This year, the town’s mayor issued a proclamation declaring June LGBT Pride Month and this action caused such an uproar with the town’s small-minded city council members and homophobic residents that tonight, the council voted to rescind the mayor’s proclamation and, like the Grinch, steal way Pride forever.
During the vote, local members of the group GetEQUAL dared to protest and were all arrested and led out by the police while the mayor reportedly watched in tears.
The city council responded to the chaos by introducing and passing a retaliatory proclamation ironically declaring June the “Month of Charity and Goodwill”.
You can read the entire story here on Oh-blog-dee-oh-blog-da because I don’t make this stuff up.
It’s been a fashionable week on LesbianAppropriate. My post on Menswear Tailored for Female Bodies led a lot of you back to my 2011 post, Femme Eye for the Butch Gui. (As of today, I’ve updated the fashion links in the post, too!)
In that post, I said my numero uno fashion tip for butches was to support your chest. Bra shopping isn’t comfortable for anyone, and a good fit is the most important thing, not whether you can pull it over your head.
(Believe me, I can sympathize. I’m suffering from the discontinuation of a certain femme and lacy Wacoal number that I bought in triplicate.)
Check out this awesome DapperQ video, The Bra Whisperer, in which Susan Herr, DapperQ’s Transgressor in Chief, throws herself under the brassiere bus for the sake of butches everywhere.
Her best line, in response to a black lace bra: “It’s all lace and flowers. My wife will have a fit.”
Two of the hottest gender-bending models, both women modeling as men, were once world-class swimmers. Casey Legler, the first female to be signed to model exclusively with Ford Models New York men’s division, swam for France in the 1996 summer Olympics. Earlier this year, she was signed to a campaign for fashion label AllSaints.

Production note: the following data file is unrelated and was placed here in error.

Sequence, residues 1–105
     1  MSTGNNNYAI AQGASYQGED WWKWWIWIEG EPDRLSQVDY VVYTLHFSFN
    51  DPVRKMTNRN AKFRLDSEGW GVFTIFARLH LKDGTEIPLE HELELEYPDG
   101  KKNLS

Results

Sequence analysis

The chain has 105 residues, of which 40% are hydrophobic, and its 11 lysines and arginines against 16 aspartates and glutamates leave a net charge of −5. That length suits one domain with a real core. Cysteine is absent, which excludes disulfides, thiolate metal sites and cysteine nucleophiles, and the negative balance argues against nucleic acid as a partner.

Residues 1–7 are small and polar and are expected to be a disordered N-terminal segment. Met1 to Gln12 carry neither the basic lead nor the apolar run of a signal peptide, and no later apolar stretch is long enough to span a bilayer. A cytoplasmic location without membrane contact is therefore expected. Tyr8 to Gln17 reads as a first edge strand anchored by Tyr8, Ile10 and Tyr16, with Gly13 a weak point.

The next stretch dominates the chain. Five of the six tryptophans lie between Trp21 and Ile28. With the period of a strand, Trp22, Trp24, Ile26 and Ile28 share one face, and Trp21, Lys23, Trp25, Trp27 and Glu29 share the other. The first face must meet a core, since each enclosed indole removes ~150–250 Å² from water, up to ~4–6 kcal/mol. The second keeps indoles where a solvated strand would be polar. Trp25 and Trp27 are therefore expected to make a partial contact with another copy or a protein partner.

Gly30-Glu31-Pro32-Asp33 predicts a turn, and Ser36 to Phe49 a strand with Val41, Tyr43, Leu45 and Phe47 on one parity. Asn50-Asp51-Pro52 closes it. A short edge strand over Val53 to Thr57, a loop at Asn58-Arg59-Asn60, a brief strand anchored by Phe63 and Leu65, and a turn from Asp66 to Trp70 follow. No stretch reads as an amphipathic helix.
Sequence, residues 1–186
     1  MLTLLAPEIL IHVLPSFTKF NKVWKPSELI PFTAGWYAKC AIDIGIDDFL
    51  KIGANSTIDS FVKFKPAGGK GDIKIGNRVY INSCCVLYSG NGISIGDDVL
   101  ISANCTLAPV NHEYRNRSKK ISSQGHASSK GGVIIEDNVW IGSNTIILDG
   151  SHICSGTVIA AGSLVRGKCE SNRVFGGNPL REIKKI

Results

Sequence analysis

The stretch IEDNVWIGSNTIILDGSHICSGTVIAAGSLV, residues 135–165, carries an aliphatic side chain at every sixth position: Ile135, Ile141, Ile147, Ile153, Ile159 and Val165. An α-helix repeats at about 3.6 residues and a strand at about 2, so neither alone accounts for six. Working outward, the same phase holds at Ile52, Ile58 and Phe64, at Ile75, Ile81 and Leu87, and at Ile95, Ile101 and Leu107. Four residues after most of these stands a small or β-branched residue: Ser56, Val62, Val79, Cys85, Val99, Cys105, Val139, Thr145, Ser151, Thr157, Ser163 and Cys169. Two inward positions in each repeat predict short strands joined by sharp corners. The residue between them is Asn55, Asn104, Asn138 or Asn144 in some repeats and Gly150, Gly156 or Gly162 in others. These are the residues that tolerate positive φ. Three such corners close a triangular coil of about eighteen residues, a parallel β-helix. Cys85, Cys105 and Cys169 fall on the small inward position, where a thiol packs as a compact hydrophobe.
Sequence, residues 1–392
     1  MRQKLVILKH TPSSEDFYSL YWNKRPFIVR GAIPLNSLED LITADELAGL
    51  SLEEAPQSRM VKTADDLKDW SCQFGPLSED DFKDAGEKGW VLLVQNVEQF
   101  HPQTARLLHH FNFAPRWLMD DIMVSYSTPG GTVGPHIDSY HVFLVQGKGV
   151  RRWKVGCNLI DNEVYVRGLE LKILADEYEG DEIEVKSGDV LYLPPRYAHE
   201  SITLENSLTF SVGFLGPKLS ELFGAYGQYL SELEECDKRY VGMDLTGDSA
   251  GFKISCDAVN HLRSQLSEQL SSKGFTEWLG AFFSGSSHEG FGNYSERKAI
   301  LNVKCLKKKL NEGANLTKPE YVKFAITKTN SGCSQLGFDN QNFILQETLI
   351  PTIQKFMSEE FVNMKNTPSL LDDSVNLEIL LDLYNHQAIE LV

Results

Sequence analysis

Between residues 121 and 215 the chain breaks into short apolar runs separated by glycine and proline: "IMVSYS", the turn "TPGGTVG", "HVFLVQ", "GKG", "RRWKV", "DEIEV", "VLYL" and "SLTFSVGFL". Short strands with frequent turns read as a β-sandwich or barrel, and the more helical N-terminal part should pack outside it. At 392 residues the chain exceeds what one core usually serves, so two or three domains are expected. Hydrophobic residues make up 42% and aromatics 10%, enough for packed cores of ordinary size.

Tamy Glauser, who recently walked the men’s runway for Givenchy, was a member of the Swiss national swim team. She decided not to pursue becoming a professional athlete, and reportedly has said, “Swimmers have the weirdest bodies anyways, and I already don’t like my broad shoulders.” She may be underestimating how much the rest of us like them.
If the two of them were on my childhood swim team, I might have taken practice a little more seriously.
Kay Ryan, a former Poet Laureate of the United States and a career English teacher at College of Marin, was honored by President Barrack Obama at the White House recently. Obama, who counts himself among Ryan’s loyal readers, honored her as one of 24 recipients of the 2012 National Medal of Arts and National Humanities Medals.
“One of the special privileges of this office is getting a chance to honor individuals who’ve played an important role in my life as well as in the nation’s life,” Obama said in presenting the medals.
I have had the pleasure of hearing Ryan read her poetry several times and she has a dry wit and plain way with often-fancy words. I once heard her poems described as mousetraps, because they look simple and then – snap! – they’ve got you.
In 2008, the New York Times published this portfolio of her poetry, still available online for your reading pleasure. (Hint: For maximum pleasure, read them aloud, even if you’re alone.)
It was 50 years ago that Betty Friedan’s book The Feminine Mystique was published, changing the lives of women in the early 1960s, and – many would agree – forever.
Many feminist scholars date the beginning of second-wave feminism to the publication of her book.
So I was heartened to get an email from my alma mater saying two things that were immediately tied together for me: That the school has renovated its biology labs and has more students studying biology this year than ever, and that all incoming students this year will read The Feminine Mystique.
This points up that quality I really appreciate about single-sex education and being the graduate of a women’s college. I love knowing that an understanding of the vagaries and shifts of feminism won’t just belong to the students who take women’s studies classes, but to the future biologists and mathematicians, too.
This isn’t your mama’s winsome Annie Hall vest and tie. A growing number of designers and clothing retailers are finding a niche in haberdashery – for butch women and androgynous and genderqueer folk, among others.
While many masculine-dressing women have found satisfaction in the men’s department at Nordstrom, many more haven’t been as lucky. Today’s story in The New York Times rounds up a group of resources.
Also check out Femme Eye for the Butch Gui, my post with butch fashion tips.